Traditional rat lures often use perishable foods like peanut butter that go mouldy or get eaten by non-target animals. This technology uses novel chemical compounds to only attract and control targeted rodents.
While New Zealand has committed to becoming predator-free by 2050, warming global temperatures are creating fertile breeding conditions that are causing a surge in the numbers of rats and mice in this country. However, the risk they pose to human and animal health is a global problem—as they transmit diseases and viruses, contaminate food sources and cause serious property damage all over the world. Rats are currently dominating a world-wide pest control market that's estimated to reach $28 billion by 2026.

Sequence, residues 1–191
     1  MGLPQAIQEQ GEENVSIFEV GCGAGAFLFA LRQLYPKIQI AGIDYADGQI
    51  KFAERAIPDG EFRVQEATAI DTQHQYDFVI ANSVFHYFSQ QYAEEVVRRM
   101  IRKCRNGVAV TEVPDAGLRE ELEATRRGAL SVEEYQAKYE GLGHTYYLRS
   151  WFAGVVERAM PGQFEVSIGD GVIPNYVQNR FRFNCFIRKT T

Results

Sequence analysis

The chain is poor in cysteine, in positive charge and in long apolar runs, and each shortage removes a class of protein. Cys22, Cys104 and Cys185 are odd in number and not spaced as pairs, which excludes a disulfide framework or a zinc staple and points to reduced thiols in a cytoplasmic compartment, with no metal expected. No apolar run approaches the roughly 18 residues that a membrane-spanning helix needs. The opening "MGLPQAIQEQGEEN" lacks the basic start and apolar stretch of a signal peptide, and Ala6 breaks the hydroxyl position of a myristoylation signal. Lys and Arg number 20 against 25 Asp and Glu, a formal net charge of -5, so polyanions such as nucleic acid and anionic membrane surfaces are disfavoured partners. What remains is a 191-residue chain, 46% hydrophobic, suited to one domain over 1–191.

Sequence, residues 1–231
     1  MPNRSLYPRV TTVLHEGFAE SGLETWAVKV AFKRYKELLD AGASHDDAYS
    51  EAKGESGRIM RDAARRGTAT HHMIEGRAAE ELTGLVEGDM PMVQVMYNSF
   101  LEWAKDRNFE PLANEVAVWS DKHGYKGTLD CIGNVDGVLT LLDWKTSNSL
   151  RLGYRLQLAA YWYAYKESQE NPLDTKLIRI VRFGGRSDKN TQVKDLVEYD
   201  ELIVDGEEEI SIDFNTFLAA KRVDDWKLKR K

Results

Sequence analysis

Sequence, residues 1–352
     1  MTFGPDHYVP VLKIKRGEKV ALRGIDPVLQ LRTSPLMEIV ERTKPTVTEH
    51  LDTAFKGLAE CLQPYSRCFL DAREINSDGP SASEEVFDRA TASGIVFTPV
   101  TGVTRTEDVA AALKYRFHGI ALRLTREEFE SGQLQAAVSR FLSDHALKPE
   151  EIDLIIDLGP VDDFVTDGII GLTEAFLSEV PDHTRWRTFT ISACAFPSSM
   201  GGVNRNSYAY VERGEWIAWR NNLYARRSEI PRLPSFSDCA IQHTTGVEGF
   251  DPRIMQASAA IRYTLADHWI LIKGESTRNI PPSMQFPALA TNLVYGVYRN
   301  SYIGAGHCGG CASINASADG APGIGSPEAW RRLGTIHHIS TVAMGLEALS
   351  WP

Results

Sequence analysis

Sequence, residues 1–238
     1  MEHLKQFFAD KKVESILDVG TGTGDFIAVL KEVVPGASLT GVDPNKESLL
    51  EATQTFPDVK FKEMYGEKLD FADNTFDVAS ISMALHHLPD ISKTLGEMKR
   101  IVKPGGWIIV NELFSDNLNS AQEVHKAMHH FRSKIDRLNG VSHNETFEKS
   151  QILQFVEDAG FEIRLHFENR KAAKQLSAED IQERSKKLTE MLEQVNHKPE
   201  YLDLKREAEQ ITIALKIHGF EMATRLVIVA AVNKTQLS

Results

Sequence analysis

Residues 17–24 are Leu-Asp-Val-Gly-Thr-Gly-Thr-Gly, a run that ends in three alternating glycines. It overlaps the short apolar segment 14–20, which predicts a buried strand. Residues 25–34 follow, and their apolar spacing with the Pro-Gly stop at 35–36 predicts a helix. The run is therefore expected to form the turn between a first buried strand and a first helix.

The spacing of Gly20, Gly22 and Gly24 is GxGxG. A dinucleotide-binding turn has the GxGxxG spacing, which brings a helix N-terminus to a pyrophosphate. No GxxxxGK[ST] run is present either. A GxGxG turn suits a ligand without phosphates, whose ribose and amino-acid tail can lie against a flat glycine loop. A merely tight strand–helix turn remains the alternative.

Current pest control operations are ineffective and costly—primarily because the food-based lures are perishable and need constant replenishment. However, two Te Herenga Waka—Victoria University of Wellington researchers have devised a long-life alternative that addresses the limitations of food-based lures by providing non-perishable, easy-to-use, hygienic products that release—over extended periods of time—a consistent odour that is attractive to rats and other rodents.
Features and benefits
Because the technology utilises the slow-release of odours rather than perishable foods, lures can be set and left for long periods of time, saving time and money.
Food-based lures are only effective for a few days before they need to be replenished, which is costly and time consuming. Contrast this with the inventors' non-perishable, long-life rodent lures and the cost savings are easy to see.
This technology is currently under co-development and the team look forward to the results from the next phase of development and how our solution will contribute to tackling the global pest problem.
We welcome conversations with industry partners who wish to support commercialisation of this technology.
Get in touch with the Commercialisation Manager below to find out more.